The Non-Terminally Ill
When a person becomes ill and his prognosis indicates a seri-
ous condition, but not a terminal illness, and the patient is not
in a life-threatening situation, yet he is granted permission
(rukhsah) to break his fast.
This permission does not include simple illnesses, such as a
headache or stomach ache. All these do not warrant breaking
the fast. If fasting becomes harmful for the patient, then it is
becomes mandatory for him to break his fast. Allah (SWT)
“Nor kill (or destroy) yourselves, for Allah has been to you Most Merciful.”
Elsewhere, He stated:
“And make not your own hands contribute to
These two verses are general in everything that one may do
which might undermine the integrity of life. In a Hadith re-ported by Bukhari, the Messenger of Allah (SWT) said:
“Your soul, indeed, has rights on you!” (Bukhari)
Among its rights is your protecting it from harm.
If one falls sick during the daytime and completing fast be-
comes hard on him, he is permitted to break his fast for this
reason. If he is cured during the daytime, say 10:00 a.m., and
he has not been fasting, his fast for that day is not valid because
he was not fasting at the beginning of the day, and the fast is
for all day not half of the day.
However, he would have to make up the day or days he missed
after Ramadan. Allah (SWT) states:
“Fasting is for a fixed number of days, but if any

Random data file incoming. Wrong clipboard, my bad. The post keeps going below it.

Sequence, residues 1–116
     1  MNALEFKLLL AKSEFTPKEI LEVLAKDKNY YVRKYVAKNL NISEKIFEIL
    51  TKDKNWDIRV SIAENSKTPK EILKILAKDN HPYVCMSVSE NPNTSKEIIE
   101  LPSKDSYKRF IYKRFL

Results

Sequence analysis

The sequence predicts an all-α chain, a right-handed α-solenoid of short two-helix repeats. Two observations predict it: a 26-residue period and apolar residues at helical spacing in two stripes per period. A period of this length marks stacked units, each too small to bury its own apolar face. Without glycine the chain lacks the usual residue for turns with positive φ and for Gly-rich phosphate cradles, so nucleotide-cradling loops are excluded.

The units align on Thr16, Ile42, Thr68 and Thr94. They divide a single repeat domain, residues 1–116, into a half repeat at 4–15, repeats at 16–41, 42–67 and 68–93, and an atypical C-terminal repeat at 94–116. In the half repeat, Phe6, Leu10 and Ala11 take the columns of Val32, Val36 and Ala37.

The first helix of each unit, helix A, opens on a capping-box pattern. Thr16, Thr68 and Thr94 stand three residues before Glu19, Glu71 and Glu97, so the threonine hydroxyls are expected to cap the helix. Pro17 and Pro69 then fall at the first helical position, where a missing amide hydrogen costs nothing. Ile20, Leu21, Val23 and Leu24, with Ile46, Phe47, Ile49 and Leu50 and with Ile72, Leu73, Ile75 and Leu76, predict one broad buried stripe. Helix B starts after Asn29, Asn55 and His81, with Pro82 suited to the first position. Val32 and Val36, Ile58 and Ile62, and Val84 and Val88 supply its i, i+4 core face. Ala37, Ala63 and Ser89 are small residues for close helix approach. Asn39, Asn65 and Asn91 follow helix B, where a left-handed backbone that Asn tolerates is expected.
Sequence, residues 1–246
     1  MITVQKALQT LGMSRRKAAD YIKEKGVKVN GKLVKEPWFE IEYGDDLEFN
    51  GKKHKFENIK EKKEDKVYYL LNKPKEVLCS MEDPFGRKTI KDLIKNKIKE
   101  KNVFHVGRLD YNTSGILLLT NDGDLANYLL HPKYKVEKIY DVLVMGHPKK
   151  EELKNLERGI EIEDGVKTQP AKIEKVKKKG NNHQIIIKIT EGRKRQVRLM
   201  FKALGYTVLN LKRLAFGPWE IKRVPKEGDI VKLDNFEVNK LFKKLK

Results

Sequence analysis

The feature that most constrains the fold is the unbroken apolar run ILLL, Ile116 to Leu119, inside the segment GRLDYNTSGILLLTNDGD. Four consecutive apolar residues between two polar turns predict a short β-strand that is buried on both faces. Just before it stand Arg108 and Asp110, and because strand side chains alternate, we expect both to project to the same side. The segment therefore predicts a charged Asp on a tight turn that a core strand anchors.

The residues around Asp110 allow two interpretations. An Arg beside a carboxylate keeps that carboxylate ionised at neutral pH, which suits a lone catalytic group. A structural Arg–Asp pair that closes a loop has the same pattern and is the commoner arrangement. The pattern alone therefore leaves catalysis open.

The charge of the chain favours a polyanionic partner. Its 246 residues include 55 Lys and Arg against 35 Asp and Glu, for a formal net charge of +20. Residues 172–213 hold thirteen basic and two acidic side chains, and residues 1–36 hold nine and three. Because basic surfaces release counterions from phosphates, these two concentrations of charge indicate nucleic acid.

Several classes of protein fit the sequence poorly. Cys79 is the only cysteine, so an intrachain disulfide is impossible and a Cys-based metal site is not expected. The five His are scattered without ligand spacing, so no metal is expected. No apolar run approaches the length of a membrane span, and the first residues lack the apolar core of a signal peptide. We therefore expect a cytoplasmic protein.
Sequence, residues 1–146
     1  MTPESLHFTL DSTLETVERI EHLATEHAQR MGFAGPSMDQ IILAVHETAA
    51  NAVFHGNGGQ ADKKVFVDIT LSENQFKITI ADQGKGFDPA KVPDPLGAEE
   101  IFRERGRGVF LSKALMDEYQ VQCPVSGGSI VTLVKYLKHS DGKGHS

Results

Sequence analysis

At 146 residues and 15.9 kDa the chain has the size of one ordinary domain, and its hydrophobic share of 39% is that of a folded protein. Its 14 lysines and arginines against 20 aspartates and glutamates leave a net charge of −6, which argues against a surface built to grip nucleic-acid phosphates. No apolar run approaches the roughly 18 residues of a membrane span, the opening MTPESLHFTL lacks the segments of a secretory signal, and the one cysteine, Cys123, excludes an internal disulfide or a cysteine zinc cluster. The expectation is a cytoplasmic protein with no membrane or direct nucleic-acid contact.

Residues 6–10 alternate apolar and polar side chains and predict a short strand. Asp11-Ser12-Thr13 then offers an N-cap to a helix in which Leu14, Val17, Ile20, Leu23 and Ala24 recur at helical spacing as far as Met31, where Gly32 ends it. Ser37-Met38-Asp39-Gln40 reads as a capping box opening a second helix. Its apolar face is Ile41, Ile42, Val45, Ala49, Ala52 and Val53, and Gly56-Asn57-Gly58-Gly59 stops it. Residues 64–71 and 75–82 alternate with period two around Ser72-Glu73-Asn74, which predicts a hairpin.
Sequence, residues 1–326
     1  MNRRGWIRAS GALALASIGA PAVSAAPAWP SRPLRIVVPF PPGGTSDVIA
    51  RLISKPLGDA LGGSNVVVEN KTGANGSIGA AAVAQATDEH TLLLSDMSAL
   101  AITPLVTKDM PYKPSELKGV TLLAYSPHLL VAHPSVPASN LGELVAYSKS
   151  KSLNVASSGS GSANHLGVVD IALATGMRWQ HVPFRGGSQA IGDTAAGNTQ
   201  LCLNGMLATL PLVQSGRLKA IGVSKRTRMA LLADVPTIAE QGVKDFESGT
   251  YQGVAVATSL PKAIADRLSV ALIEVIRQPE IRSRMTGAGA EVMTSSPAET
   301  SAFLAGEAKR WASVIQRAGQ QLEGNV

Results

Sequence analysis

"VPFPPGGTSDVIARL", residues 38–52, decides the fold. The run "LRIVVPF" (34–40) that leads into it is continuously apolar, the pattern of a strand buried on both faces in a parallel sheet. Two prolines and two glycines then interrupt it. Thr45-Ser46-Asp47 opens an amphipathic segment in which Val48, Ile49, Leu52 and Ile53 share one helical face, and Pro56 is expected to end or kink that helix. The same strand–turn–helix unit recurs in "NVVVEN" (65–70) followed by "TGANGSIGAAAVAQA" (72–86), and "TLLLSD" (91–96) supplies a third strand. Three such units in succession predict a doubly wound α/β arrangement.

of you is ill,
or on a journey, the prescribed
number (missed) should be made up…”
This verse indicates that when the believer intends to fast and
discovers during a journey that he or she can not continue, he
should break and make it up later.
If a traveler who is not fast-ing returns home during the daytime, his fasting of that day is
invalid because he did not observe it from the beginning of the day.
The mandatory fast starts with the break of dawn.
Should he observe the rest of the day in fasting or not?
Some scholars say he should restrain from eating the rest of the day as respect for the fast, although he would have to make it up later.
But others said there is no valid reason to force a person
who has been permitted by the Lawgiver not to fast at the be-ginning of the day, to abstain for the rest of the day.
That is why Abdullah bin Mas’eud (raa) said,
“Whoever eats in the beginning of the day should eat at the end of the day.” (Majalis Shar Ramadan)
This means if a person is allowed to east early part of the morning due certain valid reasons, it is lawful for him to eat at
the later part of the day.
This is also the ruling of Malik and Shafi’e. But they say he should not eat or drink in public be-cause no one knows the reason of his breaking and,
so that they do not think badly of him, or so some weak-minded person will not try to emulate his action.